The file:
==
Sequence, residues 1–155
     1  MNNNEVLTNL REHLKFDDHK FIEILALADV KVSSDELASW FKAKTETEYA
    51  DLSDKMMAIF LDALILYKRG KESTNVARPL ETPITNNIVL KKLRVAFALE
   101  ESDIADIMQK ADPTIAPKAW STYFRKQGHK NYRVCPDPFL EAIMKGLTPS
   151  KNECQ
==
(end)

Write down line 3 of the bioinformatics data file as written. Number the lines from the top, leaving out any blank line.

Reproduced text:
    51  DLSDKMMAIF LDALILYKRG KESTNVARPL ETPITNNIVL KKLRVAFALE